The mathematical elegance of general relativity, as much as its empirical success, has led to its strong influence over the way physicists have formed their theories. They seem to be more and more contrary to the philosophical view. These days we are used to trying to find ways to describe matter as some kind of manifestation of geometry such as in Kaluza-Klein theories where matter is seen as a result of higher dimensions of space-time.
It could simply be that the philosophers are wrong. Many physicists of the mid-twentieth century, including Dirac, Feynman and Weinberg, have been openly disdainful of the ways of philosophers. More recently a slight change in the wind might be felt. As theoretical physicists themselves have moved further away from the influence of experimental data, they have themselves become a lot more philosophical. If the absoluteness of space-time is to breakdown it will probably be at the scales of quantum gravity that it is found to happen. Already we see the influence of non-commutative geometry in which space-time takes a secondary role to the matter fields defined on it as functions. Many physicists now express a wish to find a more algebraic theory for quantum gravity. In former years Einstein had been alone in expressing such wishes.
Clifford's Legacy
On its own, the principle of event symmetric space-time is not very fruitful. What is needed is a mathematical model which incorporates the principle and which gives body to some of the speculative ideas outlined above.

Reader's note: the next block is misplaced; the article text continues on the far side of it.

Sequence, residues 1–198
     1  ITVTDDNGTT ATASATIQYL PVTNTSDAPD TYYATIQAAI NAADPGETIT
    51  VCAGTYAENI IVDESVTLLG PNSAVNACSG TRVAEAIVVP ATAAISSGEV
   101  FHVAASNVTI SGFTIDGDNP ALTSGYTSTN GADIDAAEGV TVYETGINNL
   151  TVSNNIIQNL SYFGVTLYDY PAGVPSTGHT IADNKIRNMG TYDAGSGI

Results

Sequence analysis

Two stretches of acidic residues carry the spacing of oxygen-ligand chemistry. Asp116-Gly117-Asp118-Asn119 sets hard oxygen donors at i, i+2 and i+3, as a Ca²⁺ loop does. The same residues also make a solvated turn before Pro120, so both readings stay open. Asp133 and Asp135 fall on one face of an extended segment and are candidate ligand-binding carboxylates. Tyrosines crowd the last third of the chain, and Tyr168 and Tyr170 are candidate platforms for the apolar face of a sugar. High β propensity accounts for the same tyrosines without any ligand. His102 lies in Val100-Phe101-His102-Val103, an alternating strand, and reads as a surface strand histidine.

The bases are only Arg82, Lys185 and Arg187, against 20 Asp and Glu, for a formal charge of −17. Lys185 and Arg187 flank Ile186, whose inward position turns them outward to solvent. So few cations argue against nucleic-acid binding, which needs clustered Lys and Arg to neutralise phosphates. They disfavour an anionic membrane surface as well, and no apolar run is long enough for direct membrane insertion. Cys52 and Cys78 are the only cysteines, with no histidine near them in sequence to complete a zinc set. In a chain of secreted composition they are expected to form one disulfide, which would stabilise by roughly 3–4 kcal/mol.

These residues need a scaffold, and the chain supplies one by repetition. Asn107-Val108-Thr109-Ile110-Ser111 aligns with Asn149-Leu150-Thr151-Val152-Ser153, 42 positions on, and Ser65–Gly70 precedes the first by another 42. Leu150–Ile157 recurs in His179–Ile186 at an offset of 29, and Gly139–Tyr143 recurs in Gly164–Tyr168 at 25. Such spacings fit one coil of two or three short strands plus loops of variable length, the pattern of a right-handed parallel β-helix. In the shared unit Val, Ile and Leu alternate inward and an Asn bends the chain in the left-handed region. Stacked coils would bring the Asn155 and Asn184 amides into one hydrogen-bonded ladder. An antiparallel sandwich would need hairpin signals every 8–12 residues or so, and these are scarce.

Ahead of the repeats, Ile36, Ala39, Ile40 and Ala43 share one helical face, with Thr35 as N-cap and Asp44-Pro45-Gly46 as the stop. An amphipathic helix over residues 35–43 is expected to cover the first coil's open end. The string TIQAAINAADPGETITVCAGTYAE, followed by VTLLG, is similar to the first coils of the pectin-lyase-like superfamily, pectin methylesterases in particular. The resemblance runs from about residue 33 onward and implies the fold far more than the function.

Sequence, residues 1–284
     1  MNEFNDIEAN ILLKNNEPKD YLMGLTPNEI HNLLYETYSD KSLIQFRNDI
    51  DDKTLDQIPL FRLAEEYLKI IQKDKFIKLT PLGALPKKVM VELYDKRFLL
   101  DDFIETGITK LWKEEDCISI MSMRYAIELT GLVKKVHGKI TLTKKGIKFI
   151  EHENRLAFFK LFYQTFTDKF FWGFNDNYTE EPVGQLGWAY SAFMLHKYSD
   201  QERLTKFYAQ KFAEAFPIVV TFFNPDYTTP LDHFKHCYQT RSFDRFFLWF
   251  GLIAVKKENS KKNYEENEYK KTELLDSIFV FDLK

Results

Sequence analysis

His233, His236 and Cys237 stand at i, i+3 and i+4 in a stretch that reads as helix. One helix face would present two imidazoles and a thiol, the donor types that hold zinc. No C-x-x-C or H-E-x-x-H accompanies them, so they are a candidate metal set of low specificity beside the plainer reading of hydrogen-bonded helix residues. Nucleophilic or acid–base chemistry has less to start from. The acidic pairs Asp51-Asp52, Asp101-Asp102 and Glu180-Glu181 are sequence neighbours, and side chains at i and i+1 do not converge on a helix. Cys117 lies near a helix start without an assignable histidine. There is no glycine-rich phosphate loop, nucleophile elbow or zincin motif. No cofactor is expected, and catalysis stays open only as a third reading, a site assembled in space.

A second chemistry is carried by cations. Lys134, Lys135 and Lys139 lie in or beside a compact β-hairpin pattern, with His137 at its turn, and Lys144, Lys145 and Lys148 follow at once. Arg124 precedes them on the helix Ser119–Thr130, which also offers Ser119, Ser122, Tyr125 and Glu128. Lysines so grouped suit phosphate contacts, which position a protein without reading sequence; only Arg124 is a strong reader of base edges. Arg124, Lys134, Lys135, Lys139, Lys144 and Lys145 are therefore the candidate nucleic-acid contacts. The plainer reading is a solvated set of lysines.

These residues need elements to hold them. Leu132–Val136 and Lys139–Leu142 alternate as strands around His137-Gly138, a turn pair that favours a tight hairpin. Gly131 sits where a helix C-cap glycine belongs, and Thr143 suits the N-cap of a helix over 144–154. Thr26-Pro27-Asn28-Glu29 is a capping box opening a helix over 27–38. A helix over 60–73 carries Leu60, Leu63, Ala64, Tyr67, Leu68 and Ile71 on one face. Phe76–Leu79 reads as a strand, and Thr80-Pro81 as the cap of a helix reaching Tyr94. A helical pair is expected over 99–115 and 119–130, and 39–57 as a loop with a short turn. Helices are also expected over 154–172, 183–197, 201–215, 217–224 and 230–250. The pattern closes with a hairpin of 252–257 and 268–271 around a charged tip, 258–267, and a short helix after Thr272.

It turns out that such a model can be constructed using Clifford algebras. These algebras are very simple in principle but have a remarkable number of applications in theoretical physics, They first appeared to physicists in Dirac's relativistic equation of the electron. They also turn out to be a useful way to represent the algebra of fermionic annihilation and creation operators.
If we regard a Clifford algebra as an algebra which can create and annihilate fermions at space-time events then we find we have defined a system which is event-symmetric. It can be regarded as an algebraic description of a quantum gas of fermions.
This is too simple to provide a good model of space-time but there is more. Clifford algebras also turn out to be important in construction of supersymmetries and if we take advantage of this observation we might be able to find a more interesting supersymmetric model.
Back to Superstrings
Since superstring theory was an important part of the motivation for proposing the principle of event-symmetric space-time in the first place. String theorists seem to believe that the subject they are studying is already the correct theory of physics, but they are probably missing the key to understanding its most natural formulation.